|Born||13 September 1722|
Ancrum, Roxburghshire or Leith near Edinburgh
|Died||4 September 1808 (aged 85)|
Merchiston Bank near Edinburgh
|Education||Leith Grammar School|
|Alma mater||University of Edinburgh|
Rev John Home FRSE (13 September 1722 – 4 September 1808) was a Scottish minister, soldier and author. His play Douglas was a standard Scottish school text until the Second World War, but his work is now largely neglected. In 1783 he was one of the joint founders of the Royal Society of Edinburgh.
He was born at Ancrum in Roxburghshire, but moved to Leith, near Edinburgh, in early childhood when his father, Alexander Home, a distant relation of the earls of Home, became town clerk. He was born on 13 September and christened on 22 September 1722
John was educated at the Leith Grammar School, and at the University of Edinburgh, where he graduated MA in 1742. Though interested in being a soldier, he studied divinity, and was licensed by the presbytery of Edinburgh in 1745. In the same year he joined as a volunteer against Bonnie Prince Charlie, and was taken prisoner at the Battle of Falkirk. With many others he was carried to Doune castle in Perthshire, but soon escaped.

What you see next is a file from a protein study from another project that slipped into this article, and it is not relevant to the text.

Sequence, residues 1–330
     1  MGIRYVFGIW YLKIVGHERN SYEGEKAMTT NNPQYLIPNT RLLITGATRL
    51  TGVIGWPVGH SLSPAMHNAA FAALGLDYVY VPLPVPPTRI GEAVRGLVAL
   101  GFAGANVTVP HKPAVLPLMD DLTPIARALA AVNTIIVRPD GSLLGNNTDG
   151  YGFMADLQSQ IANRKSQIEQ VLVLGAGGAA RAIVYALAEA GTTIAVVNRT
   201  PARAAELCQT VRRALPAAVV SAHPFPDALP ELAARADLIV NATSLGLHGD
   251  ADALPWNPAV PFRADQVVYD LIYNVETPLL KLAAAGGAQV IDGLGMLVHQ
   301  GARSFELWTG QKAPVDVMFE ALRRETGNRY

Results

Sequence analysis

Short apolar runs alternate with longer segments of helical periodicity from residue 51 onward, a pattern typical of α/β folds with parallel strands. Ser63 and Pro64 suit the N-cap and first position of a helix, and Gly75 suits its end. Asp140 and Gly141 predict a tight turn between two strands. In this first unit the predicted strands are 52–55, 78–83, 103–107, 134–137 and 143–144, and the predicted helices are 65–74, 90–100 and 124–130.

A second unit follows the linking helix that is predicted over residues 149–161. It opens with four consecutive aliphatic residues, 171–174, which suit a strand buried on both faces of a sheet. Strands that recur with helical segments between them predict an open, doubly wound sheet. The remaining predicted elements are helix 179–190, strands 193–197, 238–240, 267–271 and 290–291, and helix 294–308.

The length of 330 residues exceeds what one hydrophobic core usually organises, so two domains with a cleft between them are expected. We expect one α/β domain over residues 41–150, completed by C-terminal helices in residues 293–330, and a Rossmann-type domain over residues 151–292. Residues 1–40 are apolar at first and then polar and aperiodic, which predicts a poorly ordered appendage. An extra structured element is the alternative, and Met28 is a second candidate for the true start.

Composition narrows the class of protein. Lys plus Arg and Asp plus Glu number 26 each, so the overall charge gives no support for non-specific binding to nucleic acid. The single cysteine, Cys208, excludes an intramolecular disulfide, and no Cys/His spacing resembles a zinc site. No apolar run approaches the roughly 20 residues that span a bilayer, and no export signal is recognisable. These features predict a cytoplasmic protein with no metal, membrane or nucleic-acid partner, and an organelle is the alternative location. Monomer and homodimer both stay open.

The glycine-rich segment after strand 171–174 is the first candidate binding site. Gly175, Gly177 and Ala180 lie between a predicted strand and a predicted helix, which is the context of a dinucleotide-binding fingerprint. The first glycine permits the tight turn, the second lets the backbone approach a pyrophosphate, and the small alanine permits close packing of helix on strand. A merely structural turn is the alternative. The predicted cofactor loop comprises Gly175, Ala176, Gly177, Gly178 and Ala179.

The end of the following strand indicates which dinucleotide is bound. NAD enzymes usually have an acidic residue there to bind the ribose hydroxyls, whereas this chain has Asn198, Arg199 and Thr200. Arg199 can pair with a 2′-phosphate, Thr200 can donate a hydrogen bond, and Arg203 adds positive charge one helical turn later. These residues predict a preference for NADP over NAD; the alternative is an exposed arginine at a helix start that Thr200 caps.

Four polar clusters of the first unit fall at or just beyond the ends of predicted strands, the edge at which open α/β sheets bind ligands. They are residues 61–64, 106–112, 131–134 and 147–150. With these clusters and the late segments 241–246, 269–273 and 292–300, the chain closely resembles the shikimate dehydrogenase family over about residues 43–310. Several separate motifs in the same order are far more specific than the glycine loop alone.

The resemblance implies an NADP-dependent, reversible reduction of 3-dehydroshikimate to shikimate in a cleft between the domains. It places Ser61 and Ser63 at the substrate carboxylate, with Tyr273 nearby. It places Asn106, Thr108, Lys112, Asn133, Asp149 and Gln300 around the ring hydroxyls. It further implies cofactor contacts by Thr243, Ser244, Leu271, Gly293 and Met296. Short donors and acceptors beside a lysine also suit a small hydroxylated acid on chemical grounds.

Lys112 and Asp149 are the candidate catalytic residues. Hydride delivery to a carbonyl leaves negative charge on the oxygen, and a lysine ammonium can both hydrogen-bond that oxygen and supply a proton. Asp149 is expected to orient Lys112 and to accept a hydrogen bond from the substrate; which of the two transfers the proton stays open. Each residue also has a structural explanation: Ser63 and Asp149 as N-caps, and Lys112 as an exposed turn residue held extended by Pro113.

In July 1746, Home was presented to the parish of Athelstaneford, East Lothian, left vacant by the death of Robert Blair. He had leisure to visit his friends and became especially intimate with David Hume who belonged to the same family as himself. His first play, Agis, founded on Plutarch's narrative, was finished in 1747. He took it to London, England, and submitted it to David Garrick for representation at Drury Lane, but it was rejected as unsuitable for the stage. The tragedy of Douglas was suggested to him by hearing a lady sing the ballad of Gil Morrice or Child Maurice (Francis James Child, Popular Ballads, ii. 263). The ballad supplied him with the outline of a simple and striking plot.
After five years, he completed his play and took it to London for Garrick's opinion. It was rejected, but on his return to Edinburgh his friends resolved that it should be produced there. It was performed on 14 December 1756 with overwhelming success, in spite of the opposition of the presbytery, who summoned Alexander Carlyle to answer for having attended its representation. Home wisely resigned his charge in 1757, after a visit to London, where Douglas was brought out at Covent Garden on 14 March. Peg Woffington played Lady Randolph, a part which found a later exponent in Sarah Siddons. David Hume summed up his admiration for Douglas by saying that his friend possessed "the true theatric genius of Shakespeare and Otway, refined from the unhappy barbarism of the one and licentiousness of the other." Gray, writing to Horace Walpole (August 1757), said that the author "seemed to have retrieved the true language of the stage, which has been lost for these hundred years," but Samuel Johnson held aloof from the general enthusiasm, and averred that there were not ten good lines in the whole play (Boswell, Life, ed. Croker, 1348, p. 300).